Yukon bishop faces discipline

Published November 1, 2003

The controversy in the diocese of New Westminster over whether to bless gay relationships took a grave turn last month as Archbishop David Crawley moved to discipline the diocesan bishop of the Yukon, Terrence Buckle, for asserting “episcopal authority” over disaffected parishes in the Vancouver-based diocese. In a separate action, the bishop of New Westminster also struck a commission to investigate several of his clergy for alleged “disobedient and disrespectful conduct.” In the first development, Archbishop Crawley announced that disciplinary proceedings, as provided for by the church canons, had begun against the Yukon bishop. “Bishop Buckle is acting unlawfully,” stated his message to the Canadian church. Archbishop Crawley, as senior bishop in British Columbia and the Yukon, is Bishop Buckle?s supervisor. In his message, he noted that the bishop of New Westminster, Michael Ingham, had inhibited Bishop Buckle from functioning within the diocese of New Westminster and “I … have required Bishop Buckle to respect that inhibition.” He noted that any bishop who asserts authority within the bounds of another diocese “can be suspended, deprived of his or her position as bishop, or be deposed from the order of bishops.” Bishop Buckle’s lawyer, Stanley Martin, said that no formal charge has been filed against his client. Archbishop Crawley, in an interview, acknowledged that no written charge had yet been laid against Bishop Buckle but that “they know perfectly well what (the charges) are.” The procedural problem, he said, is that “General Synod canons and our provincial canons don’t exactly jibe on (the disciplining of a bishop).” Under the General Synod canons, he said, “we could proceed by me having a hearing and making a decision. It would no doubt be appealed and the appeal would have to be heard by the provincial court of appeal.” The provincial canon requires that a court of appeal contain a majority of the provincial house of bishops. Currently, there are only four bishops in the province, including Bishop Ingham and Bishop Buckle. The diocese of British Columbia elected Archdeacon James Cowan as bishop on Oct. 18 but he will not be installed until next January and the Anglican Parishes of the Central Interior, the former diocese of Cariboo, expects to elect a bishop within a few months. Meanwhile, Peter Turner, a lay member of St. Simon church in Vancouver, one of the parishes critical of Bishop Ingham, said his reaction to Archbishop Crawley’s announcement was “outrage.” “When a bishop offers pastoral care, this is not something that should be disciplined; it should be lauded,” said Mr. Turner In June, 2002, a majority of New Westminster?s diocesan synod voted to allow parishes to offer blessings to gay couples. Eight parishes, out of 80 in the diocese, disagreed with the move and formed a coalition called the Anglican Communion in New Westminster (ACiNW). Three more parishes have since joined the coalition. The parishes, declaring they could no longer trust Bishop Ingham, sought episcopal oversight from Bishop Buckle. On Sept. 7, a service was held in Delta, B.C., attended by about 1,600 people, eight Canadian Anglican bishops and two primates (archbishops) from Africa and India. The bishops “commissioned” Bishop Buckle to provide oversight to the ACiNW parishes. Bishop Ingham has provided an “episcopal visitor,” retired Bishop William Hockin, to disaffected parishes, but the offer was rejected. Bishop Hockin has no authority to perform confirmations or appoint clergy and the parishes have said they want an outside bishop with full authority. However, the principle of episcopal jurisdiction is a very old one, noted Rev. David Neelands, a church historian and dean of faculty at the divinity school of Trinity College in Toronto. “The Council of Hertford, in 672 in England, at the time of Bishop Theodore of Tarsus, declared that no other bishop has jurisdiction in another bishop’s diocese. So although he is having a quarrel with his parishes, Michael Ingham is still the bishop of the diocese,” Mr. Neelands said. In a separate development, Bishop Ingham on Oct. 15 sent a letter to clergy saying that he has convened a commission to investigate several New Westminster clergy for alleged “disobedient and disrespectful conduct.” The commission will make recommendations to the bishop on further action. Bishop Ingham’s letter, which did not identify the clergy involved, said the allegations of misconduct have to do with “a repudiation of the authority of diocesan synod and of vows made to the diocesan bishop.”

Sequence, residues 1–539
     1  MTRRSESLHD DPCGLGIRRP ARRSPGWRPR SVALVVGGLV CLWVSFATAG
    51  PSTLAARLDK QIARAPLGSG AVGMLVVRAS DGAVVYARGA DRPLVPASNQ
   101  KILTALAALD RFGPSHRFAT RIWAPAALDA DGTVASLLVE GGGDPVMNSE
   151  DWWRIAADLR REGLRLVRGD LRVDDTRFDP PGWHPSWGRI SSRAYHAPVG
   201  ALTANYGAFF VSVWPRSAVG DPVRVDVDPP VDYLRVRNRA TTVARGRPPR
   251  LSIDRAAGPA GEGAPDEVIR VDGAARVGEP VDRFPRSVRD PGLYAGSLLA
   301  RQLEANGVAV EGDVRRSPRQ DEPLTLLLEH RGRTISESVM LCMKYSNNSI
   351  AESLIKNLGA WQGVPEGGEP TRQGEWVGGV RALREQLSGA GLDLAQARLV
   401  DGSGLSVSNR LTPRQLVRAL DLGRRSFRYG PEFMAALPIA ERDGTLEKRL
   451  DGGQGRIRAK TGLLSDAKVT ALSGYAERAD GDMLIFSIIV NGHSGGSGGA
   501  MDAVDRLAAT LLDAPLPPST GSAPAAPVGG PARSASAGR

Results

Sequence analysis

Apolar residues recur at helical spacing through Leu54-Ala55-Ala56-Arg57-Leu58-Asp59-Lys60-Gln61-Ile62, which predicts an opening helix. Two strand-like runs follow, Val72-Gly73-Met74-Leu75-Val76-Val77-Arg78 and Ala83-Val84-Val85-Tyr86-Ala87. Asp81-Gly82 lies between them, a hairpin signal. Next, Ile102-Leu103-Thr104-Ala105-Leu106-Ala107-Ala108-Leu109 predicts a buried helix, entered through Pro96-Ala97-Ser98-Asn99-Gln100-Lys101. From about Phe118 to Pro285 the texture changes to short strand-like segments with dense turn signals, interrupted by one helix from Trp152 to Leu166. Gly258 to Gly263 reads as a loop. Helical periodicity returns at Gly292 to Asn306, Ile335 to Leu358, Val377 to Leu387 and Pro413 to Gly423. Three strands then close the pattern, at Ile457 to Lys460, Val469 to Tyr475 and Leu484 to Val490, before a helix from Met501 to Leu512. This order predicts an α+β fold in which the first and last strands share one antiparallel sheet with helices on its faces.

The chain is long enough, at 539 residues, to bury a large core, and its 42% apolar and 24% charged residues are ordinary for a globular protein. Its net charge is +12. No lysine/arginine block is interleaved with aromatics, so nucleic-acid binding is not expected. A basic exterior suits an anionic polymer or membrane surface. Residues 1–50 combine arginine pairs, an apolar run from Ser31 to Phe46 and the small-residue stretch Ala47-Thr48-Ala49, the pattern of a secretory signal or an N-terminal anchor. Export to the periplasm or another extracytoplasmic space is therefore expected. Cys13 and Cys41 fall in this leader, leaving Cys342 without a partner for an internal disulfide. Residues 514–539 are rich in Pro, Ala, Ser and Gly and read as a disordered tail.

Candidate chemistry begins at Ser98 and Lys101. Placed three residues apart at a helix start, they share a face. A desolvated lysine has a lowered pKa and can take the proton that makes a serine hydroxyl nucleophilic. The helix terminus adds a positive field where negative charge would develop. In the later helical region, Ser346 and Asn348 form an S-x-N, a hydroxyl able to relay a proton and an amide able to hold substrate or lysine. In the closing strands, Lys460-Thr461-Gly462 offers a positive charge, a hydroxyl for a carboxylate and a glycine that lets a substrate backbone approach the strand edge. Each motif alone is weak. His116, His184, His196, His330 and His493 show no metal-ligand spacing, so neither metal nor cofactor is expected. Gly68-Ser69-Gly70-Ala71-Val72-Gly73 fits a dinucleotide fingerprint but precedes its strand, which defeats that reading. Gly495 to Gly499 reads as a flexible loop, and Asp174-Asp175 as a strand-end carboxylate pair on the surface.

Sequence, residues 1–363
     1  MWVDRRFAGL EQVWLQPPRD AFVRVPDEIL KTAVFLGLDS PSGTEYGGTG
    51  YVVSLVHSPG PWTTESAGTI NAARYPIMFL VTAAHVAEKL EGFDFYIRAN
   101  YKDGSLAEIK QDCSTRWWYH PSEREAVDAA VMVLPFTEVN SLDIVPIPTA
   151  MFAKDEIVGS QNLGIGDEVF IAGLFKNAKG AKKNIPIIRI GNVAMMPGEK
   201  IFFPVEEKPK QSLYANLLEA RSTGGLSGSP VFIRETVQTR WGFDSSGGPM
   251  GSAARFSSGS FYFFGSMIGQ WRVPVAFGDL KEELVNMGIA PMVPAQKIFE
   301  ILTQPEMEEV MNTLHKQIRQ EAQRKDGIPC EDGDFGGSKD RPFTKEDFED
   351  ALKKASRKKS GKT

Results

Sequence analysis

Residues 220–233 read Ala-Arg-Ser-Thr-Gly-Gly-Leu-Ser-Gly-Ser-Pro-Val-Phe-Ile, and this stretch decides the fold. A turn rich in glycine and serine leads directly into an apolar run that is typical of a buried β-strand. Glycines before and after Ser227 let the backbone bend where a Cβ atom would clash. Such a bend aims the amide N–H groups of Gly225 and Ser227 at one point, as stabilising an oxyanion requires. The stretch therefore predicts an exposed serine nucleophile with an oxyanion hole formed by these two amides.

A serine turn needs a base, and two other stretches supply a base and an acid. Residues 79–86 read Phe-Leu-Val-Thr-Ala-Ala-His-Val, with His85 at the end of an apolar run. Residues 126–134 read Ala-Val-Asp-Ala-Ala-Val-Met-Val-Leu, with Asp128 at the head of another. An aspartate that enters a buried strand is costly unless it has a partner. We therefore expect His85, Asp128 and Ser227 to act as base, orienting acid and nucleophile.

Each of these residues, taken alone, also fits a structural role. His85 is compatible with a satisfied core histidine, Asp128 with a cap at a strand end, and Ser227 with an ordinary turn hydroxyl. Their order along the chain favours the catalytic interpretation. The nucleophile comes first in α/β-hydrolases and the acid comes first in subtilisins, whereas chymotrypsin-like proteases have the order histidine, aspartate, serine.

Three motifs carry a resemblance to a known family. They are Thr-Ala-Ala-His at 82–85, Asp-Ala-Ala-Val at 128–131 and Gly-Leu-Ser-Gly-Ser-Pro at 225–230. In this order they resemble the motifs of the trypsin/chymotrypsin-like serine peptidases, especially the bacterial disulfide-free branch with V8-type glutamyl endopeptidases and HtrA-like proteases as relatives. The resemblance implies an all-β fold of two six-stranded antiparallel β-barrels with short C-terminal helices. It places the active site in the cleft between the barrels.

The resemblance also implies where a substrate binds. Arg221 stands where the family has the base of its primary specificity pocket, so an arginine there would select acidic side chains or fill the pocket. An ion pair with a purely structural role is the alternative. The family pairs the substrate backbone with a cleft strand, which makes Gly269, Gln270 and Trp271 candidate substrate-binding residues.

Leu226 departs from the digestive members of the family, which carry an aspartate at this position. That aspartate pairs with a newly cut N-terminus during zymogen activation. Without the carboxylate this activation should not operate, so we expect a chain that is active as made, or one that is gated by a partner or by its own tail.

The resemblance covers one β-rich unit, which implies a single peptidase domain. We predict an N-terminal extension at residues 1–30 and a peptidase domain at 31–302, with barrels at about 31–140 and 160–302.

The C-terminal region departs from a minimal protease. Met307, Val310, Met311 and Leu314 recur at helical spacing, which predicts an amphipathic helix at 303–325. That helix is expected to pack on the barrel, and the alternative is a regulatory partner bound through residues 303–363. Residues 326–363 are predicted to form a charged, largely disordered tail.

• Solange DeSantis

    Solange De Santis was a reporter for the Anglican Journal from 2000 to 2008.

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